I think about our conversations over the years. I remember being in Angel Canyon and telling you that I didn’t believe in God. You didn’t overreact; you respected me. I thank you for joining the fire department. I joined because you already had. The experiences I had as a firefighter left deep impressions on me; I think about them often. They affected my character in profound ways. That is because of your example.

I don’t really know how to be a normal son. I don’t know how to talk like a normal son to his father. But I do know how to be your son and you make it a pleasure. Thank you, Dad, for being who you are and for being true to yourself. And thank you for the cooking genes. Really. My family thanks you too.

5. Magadalen Eckhoff. You were born Katherine Eaton. You went through names like many other women go through hairstyles. You were once called Seraphina. You adopted the last name St. Claire. I called you Magdalen. I never called you ‘Mom’ and I don’t know if I ever will understand how you could choose to give up that tremendous privilege of being called ‘Mom.’ But you are my mother.

I thank you for your smile in that photo on our wall. For the joy I see I am feeling as an infant playing with his mother. I thank you for my hatred of coffee. Serving me over-sweetened iced-coffee for my 5th birthday’s treat was a coup; I never drank the stuff again.

I thank you for our lunches at the Wok Inn. I thank you for our shared love of reading, especially Stephen King novels. I opened It because I remembered you saying you loved Stephen King. Knowing you loved his books provided me with easier birthday shopping for you over the years.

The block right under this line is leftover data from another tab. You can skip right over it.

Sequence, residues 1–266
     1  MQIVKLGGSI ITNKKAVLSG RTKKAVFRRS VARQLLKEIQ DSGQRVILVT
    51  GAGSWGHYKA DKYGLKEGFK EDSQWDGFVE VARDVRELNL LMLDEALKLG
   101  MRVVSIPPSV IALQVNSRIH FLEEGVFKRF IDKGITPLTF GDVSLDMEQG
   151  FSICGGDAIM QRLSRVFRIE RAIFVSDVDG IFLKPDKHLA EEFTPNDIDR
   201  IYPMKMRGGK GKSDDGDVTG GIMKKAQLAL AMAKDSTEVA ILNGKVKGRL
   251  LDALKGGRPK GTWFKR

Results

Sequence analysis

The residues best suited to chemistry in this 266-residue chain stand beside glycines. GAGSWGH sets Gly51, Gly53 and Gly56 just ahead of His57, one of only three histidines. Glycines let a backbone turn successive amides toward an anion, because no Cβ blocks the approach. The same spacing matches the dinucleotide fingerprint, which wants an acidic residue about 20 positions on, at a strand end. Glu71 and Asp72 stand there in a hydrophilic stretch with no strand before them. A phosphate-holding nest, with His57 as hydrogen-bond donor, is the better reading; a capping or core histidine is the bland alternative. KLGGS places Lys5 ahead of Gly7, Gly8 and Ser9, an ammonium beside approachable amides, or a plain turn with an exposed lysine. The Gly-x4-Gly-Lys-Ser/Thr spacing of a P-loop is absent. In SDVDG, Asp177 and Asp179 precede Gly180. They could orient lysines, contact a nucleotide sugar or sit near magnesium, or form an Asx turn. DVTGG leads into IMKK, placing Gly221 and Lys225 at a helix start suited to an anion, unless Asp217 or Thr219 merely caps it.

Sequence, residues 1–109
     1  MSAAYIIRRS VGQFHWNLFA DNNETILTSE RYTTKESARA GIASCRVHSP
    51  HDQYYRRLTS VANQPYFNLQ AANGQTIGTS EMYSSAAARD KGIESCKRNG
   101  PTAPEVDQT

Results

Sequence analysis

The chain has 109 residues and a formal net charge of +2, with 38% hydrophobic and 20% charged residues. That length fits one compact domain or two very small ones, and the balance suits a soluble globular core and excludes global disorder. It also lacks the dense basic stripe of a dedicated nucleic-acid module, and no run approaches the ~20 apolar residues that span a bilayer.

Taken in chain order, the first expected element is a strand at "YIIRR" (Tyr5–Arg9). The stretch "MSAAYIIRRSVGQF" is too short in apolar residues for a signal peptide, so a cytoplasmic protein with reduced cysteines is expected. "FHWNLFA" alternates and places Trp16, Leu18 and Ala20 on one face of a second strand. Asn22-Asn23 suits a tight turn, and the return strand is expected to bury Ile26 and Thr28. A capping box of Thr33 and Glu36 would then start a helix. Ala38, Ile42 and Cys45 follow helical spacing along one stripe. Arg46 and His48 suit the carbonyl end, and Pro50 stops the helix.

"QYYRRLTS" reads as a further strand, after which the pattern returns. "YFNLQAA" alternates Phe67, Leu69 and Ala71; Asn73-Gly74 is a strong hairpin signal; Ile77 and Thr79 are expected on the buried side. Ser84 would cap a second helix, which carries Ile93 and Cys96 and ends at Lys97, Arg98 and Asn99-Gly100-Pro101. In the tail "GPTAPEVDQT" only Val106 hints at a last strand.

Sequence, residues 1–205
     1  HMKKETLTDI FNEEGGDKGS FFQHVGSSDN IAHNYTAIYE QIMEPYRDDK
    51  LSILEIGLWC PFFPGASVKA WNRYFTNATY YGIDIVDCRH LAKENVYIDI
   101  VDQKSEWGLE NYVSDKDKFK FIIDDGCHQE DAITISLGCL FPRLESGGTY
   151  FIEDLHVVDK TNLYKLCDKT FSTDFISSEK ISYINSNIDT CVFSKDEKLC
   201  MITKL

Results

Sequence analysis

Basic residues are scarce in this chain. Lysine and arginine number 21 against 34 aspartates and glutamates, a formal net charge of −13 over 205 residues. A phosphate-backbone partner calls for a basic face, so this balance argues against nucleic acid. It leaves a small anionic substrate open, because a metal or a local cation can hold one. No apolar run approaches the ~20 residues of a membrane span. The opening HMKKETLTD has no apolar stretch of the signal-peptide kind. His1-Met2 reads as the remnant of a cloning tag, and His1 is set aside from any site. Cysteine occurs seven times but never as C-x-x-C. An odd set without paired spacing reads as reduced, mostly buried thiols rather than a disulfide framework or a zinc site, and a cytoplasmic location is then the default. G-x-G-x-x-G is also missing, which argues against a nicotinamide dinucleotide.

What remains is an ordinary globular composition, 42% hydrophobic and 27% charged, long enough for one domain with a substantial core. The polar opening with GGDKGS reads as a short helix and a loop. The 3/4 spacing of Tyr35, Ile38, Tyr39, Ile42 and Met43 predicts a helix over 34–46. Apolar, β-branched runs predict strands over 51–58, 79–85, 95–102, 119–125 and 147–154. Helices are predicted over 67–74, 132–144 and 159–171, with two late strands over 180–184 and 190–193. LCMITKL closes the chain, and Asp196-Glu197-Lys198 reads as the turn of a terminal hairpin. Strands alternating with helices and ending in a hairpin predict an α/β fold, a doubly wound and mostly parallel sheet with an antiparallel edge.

I thank you for your honesty. It was painful at times; and I never took enough advantage of how honest you always were. But you were true to yourself throughout your life. I thank you for your delight in your relationship with Paul. That was such a source of joy to me; I wish I had made a stronger effort to build a relationship with him. He was my stepfather, after all. But I thank you for saying yes to him.

I thank you for my life. I thank you for your calls on my birthday and on Christmas. Thank you for joining the cult and giving birth to me while you were in it so that I could grow up that way. I was angry, bitter, and very resentful for a very long time about the way that I grew up. But I am a product of that life and I, and this is still surprising to me, really like who I am becoming.

Magdalen, thank you for my life. All of it. I wasn’t a great son. You weren’t a great mother. But you are and will always be my mother. I loved you in my way while you were living and love you more now as I have matured and learned more about you. I regret not trying harder to grow closer. Physical distance should not be an excuse for emotional distance.

Thank you for Gum’s red hair. Thank you for my brothers. Thank you for who you were and how you always seemed to know precisely who you were. Thank you, Magdalen, for giving me a mom who everybody seemed to always respect and love in a very special way. I think people saw you as a woman truly at peace. I know you are at peace now. I wish you could have been a grandmother before you died. But families really are eternal.

I promise to make sure your grandchildren know who you are. And I thank you for the cooking genes and for the times I worked with you in the kitchen at Angel Village. You taught me to never fear food and ingredients. You were disappointed in my lack of enjoyment of tofu. I’ve come around. I hope I make you proud. And Paul Eckhoff, thank you for making my mother so happy for the last years of her life. You were an extraordinary gentleman.